Abstract

Floods cause billions of dollars of damage each year1, and flood risks are expected to increase due to socio-economic development, subsidence, and climate change2,3,4. Implementing additional flood risk management measures can limit losses, protecting people and livelihoods5. Whilst several models have been developed to assess global-scale river-flood risk2,4,6,7,8, methods for evaluating flood risk management investments globally are lacking9. Here, we present a framework for assessing costs and benefits of structural flood protection measures in urban areas around the world. We demonstrate its use under different assumptions of current and future climate change and socio-economic development. Under these assumptions, investments in dykes may be economically attractive for reducing risk in large parts of the world, but not everywhere. In some regions, economically efficient investments could reduce future flood risk below today’s levels, in spite of climate change and economic growth. We also demonstrate the sensitivity of the results to different assumptions and parameters. The framework can be used to identify regions where river-flood protection investments should be prioritized, or where other risk-reducing strategies should be emphasized.

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Acknowledgements

The research leading to these results received funding from the Netherlands Organisation for Scientific Research (NWO) in the form of a VIDI grant (grant no. 016.161.324) and the Aqueduct Global Flood Analyzer project, via subsidy 5000002722 from the Netherlands Ministry of Infrastructure and the Environment. The latter project is convened by the World Resources Institute. J.C.J.H.A. and W.J.W.B. received additional funding from the NWO in the form of VICI and VIDI Grants (grant no. 453.14.006 and 452.14.005). We thank O. Wing and M. Trigg for providing benchmarking inundation maps.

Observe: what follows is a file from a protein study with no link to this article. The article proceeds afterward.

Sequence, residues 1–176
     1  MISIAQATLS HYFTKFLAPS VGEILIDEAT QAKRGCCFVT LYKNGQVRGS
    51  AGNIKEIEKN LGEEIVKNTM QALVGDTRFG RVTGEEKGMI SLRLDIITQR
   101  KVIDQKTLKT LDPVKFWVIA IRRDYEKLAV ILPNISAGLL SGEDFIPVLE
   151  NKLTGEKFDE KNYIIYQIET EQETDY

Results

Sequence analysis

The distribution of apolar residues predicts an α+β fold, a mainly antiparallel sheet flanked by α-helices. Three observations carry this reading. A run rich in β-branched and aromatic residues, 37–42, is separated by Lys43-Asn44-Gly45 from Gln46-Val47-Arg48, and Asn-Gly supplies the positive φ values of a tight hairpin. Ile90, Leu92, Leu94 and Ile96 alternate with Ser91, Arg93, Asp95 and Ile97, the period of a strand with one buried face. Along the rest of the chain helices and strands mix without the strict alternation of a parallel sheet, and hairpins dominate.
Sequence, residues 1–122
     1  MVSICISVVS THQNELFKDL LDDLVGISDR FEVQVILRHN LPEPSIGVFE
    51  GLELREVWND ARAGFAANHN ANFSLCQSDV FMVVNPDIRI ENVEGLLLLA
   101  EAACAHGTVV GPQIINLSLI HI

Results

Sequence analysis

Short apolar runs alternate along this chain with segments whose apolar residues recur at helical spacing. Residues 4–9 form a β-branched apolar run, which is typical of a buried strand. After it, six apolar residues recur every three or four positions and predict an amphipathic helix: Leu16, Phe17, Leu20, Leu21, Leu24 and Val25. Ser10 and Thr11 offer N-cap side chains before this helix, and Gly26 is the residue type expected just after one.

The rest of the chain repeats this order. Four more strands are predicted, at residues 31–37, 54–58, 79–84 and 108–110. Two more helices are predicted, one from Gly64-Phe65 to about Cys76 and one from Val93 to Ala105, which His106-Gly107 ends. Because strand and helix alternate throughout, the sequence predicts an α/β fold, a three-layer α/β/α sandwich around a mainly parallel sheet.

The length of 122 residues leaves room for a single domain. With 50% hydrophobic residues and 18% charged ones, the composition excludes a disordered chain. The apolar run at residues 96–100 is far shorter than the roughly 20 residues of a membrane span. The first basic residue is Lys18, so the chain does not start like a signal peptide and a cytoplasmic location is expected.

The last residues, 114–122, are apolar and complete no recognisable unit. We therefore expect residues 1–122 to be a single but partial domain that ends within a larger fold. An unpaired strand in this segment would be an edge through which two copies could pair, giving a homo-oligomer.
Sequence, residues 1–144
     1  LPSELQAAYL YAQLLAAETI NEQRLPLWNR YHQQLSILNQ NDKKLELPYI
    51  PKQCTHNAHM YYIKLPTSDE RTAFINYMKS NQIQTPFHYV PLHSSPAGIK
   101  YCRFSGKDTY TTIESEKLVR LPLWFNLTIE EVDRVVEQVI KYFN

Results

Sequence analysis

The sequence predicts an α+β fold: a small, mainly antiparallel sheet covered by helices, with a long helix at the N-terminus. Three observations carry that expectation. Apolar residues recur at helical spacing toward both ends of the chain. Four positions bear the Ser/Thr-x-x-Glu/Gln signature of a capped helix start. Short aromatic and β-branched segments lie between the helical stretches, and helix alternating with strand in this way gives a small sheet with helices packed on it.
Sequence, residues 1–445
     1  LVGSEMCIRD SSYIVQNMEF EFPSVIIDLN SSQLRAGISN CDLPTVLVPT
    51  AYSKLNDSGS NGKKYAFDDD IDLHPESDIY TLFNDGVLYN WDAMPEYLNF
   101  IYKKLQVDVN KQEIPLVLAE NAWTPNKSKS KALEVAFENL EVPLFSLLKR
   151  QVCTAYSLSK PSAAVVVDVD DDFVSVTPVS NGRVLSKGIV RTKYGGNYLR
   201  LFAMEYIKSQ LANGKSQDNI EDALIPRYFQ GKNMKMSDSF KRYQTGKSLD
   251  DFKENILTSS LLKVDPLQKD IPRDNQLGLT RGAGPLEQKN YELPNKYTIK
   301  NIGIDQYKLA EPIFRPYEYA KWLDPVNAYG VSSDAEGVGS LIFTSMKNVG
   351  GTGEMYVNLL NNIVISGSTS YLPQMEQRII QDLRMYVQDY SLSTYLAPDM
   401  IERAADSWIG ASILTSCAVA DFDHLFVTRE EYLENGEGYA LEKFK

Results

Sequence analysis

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Affiliations

  1. Institute for Environmental Studies (IVM), Vrije Universiteit Amsterdam, 1081 HV Amsterdam, the Netherlands

    • Philip J. Ward
    • , Brenden Jongman
    • , Jeroen C. J. H. Aerts
    • , Wouter J. W. Botzen
    • , Andres Diaz Loaiza
    • , Paolo Scussolini
    •  & Hessel C. Winsemius
  2. Global Facility for Disaster Reduction and Recovery, The World Bank Group, Washington DC 20433, USA

    • Brenden Jongman
  3. University of Bristol, Bristol BS8 1TH, UK

    • Paul D. Bates
  4. SSBN Flood Risk Solutions, Bristol BS1 6QH, UK

    • Paul D. Bates
  5. Utrecht University School of Economics (U.S.E.), Utrecht University, 3508 TC Utrecht, the Netherlands

    • Wouter J. W. Botzen
  6. The World Bank, Washington DC 20433, USA

    • Stephane Hallegatte
  7. Deltares, Delft/Utrecht, 2600 MH Delft, the Netherlands

    • Jarl M. Kind
    •  & Hessel C. Winsemius
  8. Twente University, 7500AE Enschede, the Netherlands

    • Jaap Kwadijk

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Contributions

All authors conceived and designed the experiments and contributed to discussions on, and writing of, the paper. P.J.W., B.J., P.S. and H.C.W. performed the experiments. P.J.W., A.D.L., P.S. and H.C.W. analysed the data. P.D.B. contributed to the benchmarking exercise.

Competing interests

The authors declare no competing financial interests.

Corresponding author

Correspondence to Philip J. Ward.

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DOI

https://doi.org/10.1038/nclimate3350

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